Following a slow week, the precious metals market reheated as both gold and silver spiked on the first business day of the week. Their rally wasn’t due to latest developments in the forex market although the US dollar did depreciate against leading currencies including Euro and Aussie dollar. The recent U.S housing data weren’t too positive as existing home sales slipped by 1.2% in June to reach an annual rate of 5.08 million. In my view, this news wasn’t enough to pull up gold and silver prices. Perhaps we have witnessed another short squeeze that could explain this rapid spike in gold and silver prices. If gold and silver will change direction today, this could suggest the short squeeze theory had some merit. On today’s agenda: Canada Retails Sales,Australia’s CPI for Q2 2013, andChina flash Manufacturing PMI.
- How Much Revenue Can Adobe’s Marketing Cloud To Topline By 2018?
- How Amazon Can Benefit From A Cheap Music Subscription For Echo
- How The Cerro Verde Mine Expansion Has Boosted The Fortunes Of Freeport’s South American Copper Mines Division
- Here’s How eBay Can Drive Growth From eBay Local
- How Will Exxon Mobil’s Revenue Move If Crude Oil Prices Rebound To $100 Per Barrel By 2018?
- Why Are We Revising Our HPE Price Estimate To $20.55?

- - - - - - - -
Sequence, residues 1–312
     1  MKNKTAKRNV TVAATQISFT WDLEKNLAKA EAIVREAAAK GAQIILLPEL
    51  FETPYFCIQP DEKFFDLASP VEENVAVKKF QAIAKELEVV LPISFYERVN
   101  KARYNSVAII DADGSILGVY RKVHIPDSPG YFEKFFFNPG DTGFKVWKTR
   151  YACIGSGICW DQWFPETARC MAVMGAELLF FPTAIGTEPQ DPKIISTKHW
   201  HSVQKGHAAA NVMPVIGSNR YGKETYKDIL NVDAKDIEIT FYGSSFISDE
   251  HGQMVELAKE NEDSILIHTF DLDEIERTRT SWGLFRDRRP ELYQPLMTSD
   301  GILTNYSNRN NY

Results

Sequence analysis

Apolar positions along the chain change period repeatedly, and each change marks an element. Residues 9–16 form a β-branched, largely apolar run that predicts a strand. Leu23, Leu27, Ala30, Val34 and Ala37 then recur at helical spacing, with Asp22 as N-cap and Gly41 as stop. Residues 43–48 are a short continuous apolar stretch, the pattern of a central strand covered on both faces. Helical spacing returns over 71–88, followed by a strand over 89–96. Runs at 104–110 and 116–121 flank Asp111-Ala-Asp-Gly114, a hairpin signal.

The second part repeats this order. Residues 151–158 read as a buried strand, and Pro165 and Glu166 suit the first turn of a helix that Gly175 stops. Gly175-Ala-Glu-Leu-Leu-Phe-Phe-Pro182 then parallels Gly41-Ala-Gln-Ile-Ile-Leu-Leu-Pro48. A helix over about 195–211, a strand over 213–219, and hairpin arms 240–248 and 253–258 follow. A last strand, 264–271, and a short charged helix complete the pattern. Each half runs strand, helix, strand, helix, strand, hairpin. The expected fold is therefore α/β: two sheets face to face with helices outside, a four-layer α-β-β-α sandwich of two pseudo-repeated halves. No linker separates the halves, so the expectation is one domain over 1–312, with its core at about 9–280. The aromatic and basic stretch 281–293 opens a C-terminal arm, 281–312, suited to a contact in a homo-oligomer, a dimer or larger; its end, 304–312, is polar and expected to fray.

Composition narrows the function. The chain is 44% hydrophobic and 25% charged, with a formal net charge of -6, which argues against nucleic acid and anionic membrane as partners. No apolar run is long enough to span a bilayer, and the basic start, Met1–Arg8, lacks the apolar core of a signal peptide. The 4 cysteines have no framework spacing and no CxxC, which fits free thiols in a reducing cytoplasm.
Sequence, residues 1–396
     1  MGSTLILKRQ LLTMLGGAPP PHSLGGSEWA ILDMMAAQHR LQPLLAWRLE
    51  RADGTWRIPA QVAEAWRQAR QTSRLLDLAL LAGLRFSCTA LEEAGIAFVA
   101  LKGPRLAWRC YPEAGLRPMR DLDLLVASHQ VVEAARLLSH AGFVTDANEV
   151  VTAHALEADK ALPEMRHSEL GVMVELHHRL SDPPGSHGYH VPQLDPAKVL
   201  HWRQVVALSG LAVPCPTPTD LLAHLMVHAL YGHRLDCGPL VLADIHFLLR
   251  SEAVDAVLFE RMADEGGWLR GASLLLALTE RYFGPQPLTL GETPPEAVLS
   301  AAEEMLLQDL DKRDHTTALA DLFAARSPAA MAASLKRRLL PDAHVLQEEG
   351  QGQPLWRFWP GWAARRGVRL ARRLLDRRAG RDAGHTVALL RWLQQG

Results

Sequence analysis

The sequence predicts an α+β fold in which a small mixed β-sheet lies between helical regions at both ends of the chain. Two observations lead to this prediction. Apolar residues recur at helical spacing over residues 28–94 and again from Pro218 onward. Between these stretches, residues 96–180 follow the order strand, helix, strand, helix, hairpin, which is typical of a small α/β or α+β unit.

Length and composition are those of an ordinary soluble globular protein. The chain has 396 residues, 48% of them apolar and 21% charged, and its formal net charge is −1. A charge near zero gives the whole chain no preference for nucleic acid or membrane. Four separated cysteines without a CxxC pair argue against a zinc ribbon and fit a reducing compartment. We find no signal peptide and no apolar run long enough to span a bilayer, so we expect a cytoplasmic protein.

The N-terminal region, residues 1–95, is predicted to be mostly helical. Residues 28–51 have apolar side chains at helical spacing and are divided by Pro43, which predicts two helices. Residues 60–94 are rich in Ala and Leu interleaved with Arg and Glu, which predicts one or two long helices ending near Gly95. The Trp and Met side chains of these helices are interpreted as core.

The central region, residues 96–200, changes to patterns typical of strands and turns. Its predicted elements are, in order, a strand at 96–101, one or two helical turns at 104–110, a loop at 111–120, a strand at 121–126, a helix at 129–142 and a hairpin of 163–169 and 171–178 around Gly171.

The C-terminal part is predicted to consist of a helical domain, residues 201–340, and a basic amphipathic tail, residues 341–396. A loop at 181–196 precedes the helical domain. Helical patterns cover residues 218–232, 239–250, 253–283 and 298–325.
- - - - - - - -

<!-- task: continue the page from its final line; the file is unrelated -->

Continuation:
On Monday, gold sharply increased by 3.33% to $1,336; Silver also spiked by 5.39% to $20.50 – its highest level since mid June. During July, gold rose by 9.17%; silver, by 5.39%.
The gold and silver futures volumes of trade have reached on Friday to 180 thousand and 23 thousand, respectively. These numbers are lower than the volume traded during the month. Conversely, the week started with high volumes of trade. If the volume will continue to rise in the coming days, this could pressure up the volatility of precious metals prices. The chart below shows the volume of trading gold and silver futures in the CME during the past several weeks.
On Today’s Agenda
Canada Retails Sales: This report will refer to the retails sales in Canada as of May. In the recent report regarding April 2013, retails sales inched down by 0.3%;
China flash Manufacturing PMI: this index is based on a survey covering 800 companies in 20 industries in China; in the previous HSBC Manufacturing PMI survey regarding June 2013 the Manufacturing PMI declined again to 48.3; this index indicates China’s manufacturing sectors have contracted at a slightly faster pace than in May; if the index will continue to contract, this may adversely affect precious metals prices;
For further reading: